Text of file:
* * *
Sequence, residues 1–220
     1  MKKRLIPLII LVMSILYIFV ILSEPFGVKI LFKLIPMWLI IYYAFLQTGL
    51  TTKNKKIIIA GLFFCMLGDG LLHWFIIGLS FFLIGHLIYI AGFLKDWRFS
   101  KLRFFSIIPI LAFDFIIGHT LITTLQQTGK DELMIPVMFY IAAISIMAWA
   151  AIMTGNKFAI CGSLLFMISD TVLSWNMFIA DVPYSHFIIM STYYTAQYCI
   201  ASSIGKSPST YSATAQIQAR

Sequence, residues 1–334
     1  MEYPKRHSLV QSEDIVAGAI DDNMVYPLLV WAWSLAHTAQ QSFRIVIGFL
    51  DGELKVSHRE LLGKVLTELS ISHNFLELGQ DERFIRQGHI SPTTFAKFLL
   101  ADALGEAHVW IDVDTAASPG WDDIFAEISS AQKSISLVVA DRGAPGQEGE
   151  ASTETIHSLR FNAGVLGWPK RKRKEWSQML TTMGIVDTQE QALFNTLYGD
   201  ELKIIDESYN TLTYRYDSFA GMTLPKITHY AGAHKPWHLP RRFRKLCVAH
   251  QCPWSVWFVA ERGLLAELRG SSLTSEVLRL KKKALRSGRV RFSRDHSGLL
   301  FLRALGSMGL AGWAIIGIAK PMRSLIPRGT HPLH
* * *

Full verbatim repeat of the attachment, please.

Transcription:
Sequence, residues 1–220
     1  MKKRLIPLII LVMSILYIFV ILSEPFGVKI LFKLIPMWLI IYYAFLQTGL
    51  TTKNKKIIIA GLFFCMLGDG LLHWFIIGLS FFLIGHLIYI AGFLKDWRFS
   101  KLRFFSIIPI LAFDFIIGHT LITTLQQTGK DELMIPVMFY IAAISIMAWA
   151  AIMTGNKFAI CGSLLFMISD TVLSWNMFIA DVPYSHFIIM STYYTAQYCI
   201  ASSIGKSPST YSATAQIQAR

Sequence, residues 1–334
     1  MEYPKRHSLV QSEDIVAGAI DDNMVYPLLV WAWSLAHTAQ QSFRIVIGFL
    51  DGELKVSHRE LLGKVLTELS ISHNFLELGQ DERFIRQGHI SPTTFAKFLL
   101  ADALGEAHVW IDVDTAASPG WDDIFAEISS AQKSISLVVA DRGAPGQEGE
   151  ASTETIHSLR FNAGVLGWPK RKRKEWSQML TTMGIVDTQE QALFNTLYGD
   201  ELKIIDESYN TLTYRYDSFA GMTLPKITHY AGAHKPWHLP RRFRKLCVAH
   251  QCPWSVWFVA ERGLLAELRG SSLTSEVLRL KKKALRSGRV RFSRDHSGLL
   301  FLRALGSMGL AGWAIIGIAK PMRSLIPRGT HPLH